Brush of the Gods
This is the fictionalized story of Wu Daozi (689-759), who was one of the great masters in eighth century ancient China during the T'ang Dynasty. He introduced movement into the previously staid Chinese painting style.
The book opens in Wu Daozi's calligraphy class where his brush insists on creating animals instead of words. His paintings are so lifelike that many people come to see his paintings.
When his paintings begin to come to life and fly or gallop away people loose interest in his, now missing, work. The poor children, however, see his works come to life and tell each other stories of his creatures, following him everywhere they forget their hunger in the awe of his art.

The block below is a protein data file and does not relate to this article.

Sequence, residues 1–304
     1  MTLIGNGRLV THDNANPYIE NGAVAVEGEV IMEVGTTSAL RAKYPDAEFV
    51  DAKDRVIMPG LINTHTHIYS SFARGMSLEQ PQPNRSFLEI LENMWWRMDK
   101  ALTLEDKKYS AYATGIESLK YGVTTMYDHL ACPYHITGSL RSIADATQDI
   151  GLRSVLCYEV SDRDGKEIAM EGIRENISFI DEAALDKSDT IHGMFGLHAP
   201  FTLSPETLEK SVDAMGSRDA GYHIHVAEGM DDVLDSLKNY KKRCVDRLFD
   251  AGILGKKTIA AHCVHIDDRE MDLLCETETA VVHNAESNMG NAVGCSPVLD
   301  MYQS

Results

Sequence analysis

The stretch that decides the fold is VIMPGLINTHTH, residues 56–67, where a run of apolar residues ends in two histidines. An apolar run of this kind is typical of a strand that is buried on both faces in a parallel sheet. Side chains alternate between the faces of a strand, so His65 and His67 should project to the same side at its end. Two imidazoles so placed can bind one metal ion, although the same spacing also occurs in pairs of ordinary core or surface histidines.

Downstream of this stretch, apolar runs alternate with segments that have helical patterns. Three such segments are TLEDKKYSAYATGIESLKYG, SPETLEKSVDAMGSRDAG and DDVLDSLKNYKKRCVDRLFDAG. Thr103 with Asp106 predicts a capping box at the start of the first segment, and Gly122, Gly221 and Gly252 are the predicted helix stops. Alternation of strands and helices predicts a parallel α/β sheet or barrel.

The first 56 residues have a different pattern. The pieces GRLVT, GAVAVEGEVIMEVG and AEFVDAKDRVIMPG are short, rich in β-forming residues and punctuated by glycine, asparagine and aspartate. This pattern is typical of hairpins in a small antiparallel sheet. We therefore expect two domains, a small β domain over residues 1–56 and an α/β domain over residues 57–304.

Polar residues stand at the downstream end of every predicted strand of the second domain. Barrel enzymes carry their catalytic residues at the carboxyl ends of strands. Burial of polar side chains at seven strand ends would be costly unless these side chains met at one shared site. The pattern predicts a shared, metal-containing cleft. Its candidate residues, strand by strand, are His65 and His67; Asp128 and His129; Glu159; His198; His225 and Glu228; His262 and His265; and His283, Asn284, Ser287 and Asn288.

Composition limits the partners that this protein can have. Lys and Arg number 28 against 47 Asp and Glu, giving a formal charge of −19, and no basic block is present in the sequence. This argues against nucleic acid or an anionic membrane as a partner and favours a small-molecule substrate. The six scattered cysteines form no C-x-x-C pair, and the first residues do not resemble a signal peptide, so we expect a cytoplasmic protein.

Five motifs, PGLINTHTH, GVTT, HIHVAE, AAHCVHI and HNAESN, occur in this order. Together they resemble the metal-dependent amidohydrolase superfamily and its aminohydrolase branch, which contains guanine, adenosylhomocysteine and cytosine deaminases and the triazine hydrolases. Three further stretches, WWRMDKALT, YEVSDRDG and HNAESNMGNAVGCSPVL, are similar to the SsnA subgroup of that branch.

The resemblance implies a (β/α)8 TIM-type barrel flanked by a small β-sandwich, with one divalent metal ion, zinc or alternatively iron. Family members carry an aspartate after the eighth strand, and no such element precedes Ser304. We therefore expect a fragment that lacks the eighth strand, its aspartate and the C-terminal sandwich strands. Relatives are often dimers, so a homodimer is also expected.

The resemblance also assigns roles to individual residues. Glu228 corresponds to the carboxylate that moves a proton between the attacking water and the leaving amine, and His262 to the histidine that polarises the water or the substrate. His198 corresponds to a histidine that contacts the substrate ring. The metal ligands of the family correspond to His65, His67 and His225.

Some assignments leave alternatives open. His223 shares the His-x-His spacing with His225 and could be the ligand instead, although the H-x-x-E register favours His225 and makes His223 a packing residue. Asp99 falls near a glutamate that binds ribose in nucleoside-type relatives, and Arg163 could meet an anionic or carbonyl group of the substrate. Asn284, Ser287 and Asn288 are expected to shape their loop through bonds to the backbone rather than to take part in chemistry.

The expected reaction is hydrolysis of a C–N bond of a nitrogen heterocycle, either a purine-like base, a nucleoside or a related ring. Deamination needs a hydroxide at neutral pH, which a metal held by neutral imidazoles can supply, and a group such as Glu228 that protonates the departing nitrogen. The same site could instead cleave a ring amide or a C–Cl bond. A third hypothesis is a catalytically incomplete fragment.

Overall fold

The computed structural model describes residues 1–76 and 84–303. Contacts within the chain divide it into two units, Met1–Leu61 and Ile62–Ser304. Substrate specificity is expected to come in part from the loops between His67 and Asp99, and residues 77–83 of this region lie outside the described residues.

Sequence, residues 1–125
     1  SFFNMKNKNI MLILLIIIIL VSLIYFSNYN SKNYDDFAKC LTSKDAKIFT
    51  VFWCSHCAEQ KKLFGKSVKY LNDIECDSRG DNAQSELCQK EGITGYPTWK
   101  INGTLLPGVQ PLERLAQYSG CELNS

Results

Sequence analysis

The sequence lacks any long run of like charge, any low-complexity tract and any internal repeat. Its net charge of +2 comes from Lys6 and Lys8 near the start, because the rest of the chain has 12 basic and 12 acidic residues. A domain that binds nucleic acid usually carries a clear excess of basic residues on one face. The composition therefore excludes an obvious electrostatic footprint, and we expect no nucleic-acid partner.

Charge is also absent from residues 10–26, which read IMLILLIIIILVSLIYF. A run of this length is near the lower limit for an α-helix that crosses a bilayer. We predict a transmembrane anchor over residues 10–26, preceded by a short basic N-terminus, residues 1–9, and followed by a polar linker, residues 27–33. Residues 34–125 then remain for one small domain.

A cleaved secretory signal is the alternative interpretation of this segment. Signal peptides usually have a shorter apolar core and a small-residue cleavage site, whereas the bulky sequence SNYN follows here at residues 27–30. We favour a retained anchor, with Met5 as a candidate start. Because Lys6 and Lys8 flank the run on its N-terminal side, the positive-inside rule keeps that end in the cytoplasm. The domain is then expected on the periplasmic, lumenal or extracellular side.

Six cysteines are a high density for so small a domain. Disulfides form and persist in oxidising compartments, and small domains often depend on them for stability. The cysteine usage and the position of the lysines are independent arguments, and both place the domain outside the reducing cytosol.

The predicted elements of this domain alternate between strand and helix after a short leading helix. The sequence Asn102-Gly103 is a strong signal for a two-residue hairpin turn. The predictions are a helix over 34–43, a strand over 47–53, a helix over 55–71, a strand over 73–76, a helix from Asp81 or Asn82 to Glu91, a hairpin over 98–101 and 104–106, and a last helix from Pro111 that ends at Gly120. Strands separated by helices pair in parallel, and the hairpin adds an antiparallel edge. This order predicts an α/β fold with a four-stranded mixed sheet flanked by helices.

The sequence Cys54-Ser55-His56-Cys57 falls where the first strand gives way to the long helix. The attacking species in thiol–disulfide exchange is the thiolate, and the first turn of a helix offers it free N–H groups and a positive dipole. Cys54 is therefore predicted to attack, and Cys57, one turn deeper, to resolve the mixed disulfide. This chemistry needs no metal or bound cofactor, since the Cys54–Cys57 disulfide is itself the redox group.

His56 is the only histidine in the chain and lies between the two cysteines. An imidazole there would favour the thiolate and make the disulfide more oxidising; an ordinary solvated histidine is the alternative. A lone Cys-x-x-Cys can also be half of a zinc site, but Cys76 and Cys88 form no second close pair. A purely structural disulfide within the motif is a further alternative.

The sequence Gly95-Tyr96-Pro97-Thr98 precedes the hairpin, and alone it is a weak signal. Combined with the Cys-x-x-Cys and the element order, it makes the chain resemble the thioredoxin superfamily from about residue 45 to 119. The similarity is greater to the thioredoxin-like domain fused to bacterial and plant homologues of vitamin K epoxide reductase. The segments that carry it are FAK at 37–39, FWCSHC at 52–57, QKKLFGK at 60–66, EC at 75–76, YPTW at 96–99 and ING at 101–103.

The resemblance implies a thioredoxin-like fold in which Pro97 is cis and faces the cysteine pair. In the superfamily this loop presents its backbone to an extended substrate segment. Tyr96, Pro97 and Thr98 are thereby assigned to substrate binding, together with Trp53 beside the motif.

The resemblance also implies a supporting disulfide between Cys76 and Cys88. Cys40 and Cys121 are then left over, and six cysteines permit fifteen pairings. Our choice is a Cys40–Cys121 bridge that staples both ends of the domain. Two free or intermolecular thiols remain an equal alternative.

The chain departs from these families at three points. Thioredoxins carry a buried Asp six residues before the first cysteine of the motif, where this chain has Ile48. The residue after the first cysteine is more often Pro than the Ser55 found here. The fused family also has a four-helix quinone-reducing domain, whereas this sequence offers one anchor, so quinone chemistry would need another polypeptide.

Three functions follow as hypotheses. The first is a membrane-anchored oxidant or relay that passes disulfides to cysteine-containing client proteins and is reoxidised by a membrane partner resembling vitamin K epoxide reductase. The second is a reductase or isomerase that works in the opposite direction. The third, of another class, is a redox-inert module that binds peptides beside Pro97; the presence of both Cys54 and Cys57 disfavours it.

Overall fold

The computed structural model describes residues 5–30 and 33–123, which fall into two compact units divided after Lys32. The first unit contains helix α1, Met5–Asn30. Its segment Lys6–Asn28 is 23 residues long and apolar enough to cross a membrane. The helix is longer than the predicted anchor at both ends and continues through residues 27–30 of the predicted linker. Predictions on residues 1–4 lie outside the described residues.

Much later he is rediscovered and his paintings are so loved that he is asked to paint a mural for the emperor.
More playful than realistic picture book biographies, this story's fantasy elements are based on the legend that, at the end of his life, he simply walked into the mural he had created for the emperor.
The illustrations are filled with the inky fluidity of Chinese calligraphy brush strokes that have loosed their bonds and are the pages are filled with historic details.
Beautifully written and gloriously illustrated, this is a fanciful and rewarding trip to ancient China.
Related Areas Within Carol Hurst's Children's Literature Web Site
- Art, Crafts and Artists in Books for Kids and Teens, Featured Subject article with discussion and activity ideas, and picture books, nonfiction and novels for the classroom: